Hard Times is a novel about the social condition of poverty, but very few of its major characters are actually poor and comparatively little time is spent with the poor characters. With that in mind, do you think the book does an effective job of shaping our view of poverty? Why or why not?

The argument could be made that the novel simply reinforces comfortable middle-class stereotypes about the noble poor, and it offers no real solution or possibility for change. A more charitable explanation is that Dickens chose to center his novel on the wealthy rather than on the lower classes he sought to defend because he realized that most of his Victorian readers would come from the middle classes and that very few of his readers would come from the lower classes. By centering his book on characters with whom his readers could identify, he was better able to awaken their feelings for characters with whom they might otherwise be unable to identify—namely, the poor of Coketown and of England in general. If that was his aim, then the book does its job.

Mrs. Sparsit is a fairly minor character in Hard Times. What themes does she illustrate? Why is she important in terms of plot development?

Although Mrs. Sparsit is a relatively minor character, her pride drives much of the action in the second half of the novel. Originally from an aristocratic background, Mrs. Sparsit has fallen on hard times, and she must work as Bounderby’s housekeeper for a living. Because she wants to marry Bounderby so that she can share his wealth, Mrs. Sparsit secretly connives to destroy his marriage to Louisa. Yet even while she panders to Bounderby, Mrs. Sparsit considers him an upstart “Noodle,” and considers herself his superior because of her aristocratic blood. Although she is a proud aristocrat, Mrs. Sparsit shares the calculating self-interest of capitalists like Bounderby. Thus, Mrs. Sparsit illustrates the transition from a social hierarchy in which aristocrats hold the power to one in which the wealthy middle class holds the power. In her attempt to retain her power within a new social order, Mrs. Sparsit simply ends up looking ridiculous.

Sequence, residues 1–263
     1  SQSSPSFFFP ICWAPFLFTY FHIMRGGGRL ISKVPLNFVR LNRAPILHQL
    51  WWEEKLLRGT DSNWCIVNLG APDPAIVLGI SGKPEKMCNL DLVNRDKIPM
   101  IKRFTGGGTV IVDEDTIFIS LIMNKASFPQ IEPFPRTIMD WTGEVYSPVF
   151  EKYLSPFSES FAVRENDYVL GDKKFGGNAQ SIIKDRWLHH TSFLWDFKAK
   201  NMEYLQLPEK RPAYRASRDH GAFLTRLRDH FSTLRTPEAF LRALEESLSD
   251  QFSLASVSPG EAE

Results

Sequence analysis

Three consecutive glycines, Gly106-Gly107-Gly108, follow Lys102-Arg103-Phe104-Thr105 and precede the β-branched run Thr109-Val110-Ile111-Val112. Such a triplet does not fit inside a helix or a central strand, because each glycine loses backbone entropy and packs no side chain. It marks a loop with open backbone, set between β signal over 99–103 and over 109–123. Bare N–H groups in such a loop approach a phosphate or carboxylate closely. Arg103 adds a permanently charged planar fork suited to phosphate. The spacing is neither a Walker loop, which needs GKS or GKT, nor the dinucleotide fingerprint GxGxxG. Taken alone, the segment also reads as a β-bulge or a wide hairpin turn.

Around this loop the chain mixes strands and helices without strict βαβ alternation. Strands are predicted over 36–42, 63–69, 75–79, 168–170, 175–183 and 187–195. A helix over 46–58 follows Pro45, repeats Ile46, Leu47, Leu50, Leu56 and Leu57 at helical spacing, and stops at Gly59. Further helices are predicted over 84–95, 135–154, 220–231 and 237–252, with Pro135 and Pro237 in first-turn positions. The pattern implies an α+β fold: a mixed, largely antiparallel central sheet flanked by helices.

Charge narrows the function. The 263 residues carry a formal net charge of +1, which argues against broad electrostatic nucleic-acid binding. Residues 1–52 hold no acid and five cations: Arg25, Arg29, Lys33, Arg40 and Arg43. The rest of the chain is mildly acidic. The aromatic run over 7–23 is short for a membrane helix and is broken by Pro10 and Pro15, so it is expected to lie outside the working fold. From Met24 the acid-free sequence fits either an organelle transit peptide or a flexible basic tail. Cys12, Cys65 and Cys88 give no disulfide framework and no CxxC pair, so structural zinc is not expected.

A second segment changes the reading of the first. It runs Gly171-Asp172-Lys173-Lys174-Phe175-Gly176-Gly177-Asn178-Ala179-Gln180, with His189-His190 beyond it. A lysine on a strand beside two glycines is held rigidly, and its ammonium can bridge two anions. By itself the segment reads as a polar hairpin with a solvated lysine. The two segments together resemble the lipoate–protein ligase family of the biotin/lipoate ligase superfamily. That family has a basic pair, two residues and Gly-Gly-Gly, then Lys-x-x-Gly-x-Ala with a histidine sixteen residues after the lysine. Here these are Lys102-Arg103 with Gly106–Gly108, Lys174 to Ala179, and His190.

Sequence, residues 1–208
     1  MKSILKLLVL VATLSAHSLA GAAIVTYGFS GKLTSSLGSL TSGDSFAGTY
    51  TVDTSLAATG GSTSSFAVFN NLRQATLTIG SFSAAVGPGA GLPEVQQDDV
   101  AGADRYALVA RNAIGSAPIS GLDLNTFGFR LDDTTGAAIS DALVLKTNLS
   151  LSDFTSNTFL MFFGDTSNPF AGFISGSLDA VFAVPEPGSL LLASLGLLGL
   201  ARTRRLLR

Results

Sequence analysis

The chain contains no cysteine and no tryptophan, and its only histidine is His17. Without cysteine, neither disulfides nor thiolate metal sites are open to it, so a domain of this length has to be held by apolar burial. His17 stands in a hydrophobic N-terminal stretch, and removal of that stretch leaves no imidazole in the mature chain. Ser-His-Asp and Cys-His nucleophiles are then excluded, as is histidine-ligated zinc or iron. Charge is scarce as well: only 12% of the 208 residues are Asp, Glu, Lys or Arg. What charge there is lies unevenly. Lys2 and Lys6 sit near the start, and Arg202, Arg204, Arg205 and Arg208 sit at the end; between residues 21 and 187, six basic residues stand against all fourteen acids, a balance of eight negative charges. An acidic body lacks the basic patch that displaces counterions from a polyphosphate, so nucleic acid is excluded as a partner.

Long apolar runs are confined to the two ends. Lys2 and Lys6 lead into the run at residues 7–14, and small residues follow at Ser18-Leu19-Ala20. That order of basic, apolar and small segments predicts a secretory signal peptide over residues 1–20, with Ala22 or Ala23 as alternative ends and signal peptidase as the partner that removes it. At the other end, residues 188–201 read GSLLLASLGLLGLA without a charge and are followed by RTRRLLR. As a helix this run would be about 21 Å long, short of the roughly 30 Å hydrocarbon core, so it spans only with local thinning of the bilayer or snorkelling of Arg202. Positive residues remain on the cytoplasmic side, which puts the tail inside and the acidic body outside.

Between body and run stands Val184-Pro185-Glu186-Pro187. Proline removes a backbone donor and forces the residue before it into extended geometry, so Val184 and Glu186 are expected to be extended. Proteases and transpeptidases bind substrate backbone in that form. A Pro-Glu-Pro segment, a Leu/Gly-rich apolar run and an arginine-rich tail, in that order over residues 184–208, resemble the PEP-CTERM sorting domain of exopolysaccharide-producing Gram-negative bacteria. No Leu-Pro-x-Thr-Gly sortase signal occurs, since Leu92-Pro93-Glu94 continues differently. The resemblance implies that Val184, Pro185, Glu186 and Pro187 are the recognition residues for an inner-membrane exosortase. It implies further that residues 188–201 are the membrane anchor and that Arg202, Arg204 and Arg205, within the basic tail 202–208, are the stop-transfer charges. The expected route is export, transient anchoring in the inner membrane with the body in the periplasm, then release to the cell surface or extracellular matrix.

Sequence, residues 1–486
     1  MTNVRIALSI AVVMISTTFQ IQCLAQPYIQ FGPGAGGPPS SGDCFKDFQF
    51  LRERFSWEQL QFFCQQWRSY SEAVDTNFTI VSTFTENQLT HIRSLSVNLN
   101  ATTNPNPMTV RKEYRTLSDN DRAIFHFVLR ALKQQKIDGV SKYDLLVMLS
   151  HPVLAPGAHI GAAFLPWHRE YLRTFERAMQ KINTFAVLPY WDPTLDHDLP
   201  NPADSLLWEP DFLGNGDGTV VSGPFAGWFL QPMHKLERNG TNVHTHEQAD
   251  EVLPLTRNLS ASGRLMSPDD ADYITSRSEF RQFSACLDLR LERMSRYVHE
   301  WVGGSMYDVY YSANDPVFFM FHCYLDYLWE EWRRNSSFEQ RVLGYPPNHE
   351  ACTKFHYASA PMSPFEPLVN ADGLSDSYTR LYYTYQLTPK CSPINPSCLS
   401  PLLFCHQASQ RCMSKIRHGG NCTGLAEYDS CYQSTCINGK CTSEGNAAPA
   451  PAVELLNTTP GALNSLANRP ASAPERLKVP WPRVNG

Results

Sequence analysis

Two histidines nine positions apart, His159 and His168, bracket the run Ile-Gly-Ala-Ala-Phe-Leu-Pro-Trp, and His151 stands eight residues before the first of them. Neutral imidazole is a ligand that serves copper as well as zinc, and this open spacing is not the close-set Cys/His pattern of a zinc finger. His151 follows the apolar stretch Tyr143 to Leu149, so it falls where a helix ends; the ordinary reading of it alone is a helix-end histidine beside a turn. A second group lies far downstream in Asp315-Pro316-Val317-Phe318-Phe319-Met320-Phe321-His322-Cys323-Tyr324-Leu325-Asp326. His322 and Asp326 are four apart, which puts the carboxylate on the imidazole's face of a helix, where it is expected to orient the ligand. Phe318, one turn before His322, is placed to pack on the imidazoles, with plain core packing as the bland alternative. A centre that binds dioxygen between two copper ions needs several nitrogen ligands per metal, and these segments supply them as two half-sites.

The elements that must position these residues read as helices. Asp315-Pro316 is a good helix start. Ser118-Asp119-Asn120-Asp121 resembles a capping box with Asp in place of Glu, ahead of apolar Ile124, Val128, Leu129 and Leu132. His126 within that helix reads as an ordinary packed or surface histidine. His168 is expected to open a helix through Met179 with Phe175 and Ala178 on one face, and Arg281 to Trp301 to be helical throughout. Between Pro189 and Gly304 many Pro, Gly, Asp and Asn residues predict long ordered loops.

Think about the character of Bounderby. How might this character fit with Dickens’s social program to explode the myth of the self-made man?

One defense of the new economic conditions created by the Industrial Revolution was its expansion of individual opportunity. The wealthy could justify the condition of the poor by pointing out that if the poor worked industriously, they could work their way into a fortune. Dickens implicitly mocks that idea by presenting one such supposed self-made man as a blundering braggart. By exposing Bounderby as a fraud who did not actually start from nothing, as he so often claims, Dickens questions the validity of that entire justification for poverty. If the self-made man is a lie, then what can the poor hope to achieve? Moreover, Dickens raises the question of whether the self-made man owes anything to the rest of society. Are the wealthy under any obligation to help the poor? Or must the poor help themselves?